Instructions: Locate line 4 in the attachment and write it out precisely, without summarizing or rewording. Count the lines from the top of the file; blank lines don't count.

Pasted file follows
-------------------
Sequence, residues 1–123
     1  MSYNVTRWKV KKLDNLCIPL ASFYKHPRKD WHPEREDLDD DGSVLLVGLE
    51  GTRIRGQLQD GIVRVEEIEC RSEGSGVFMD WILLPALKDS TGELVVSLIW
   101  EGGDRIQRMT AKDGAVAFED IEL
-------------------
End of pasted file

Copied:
   101  EGGDRIQRMT AKDGAVAFED IEL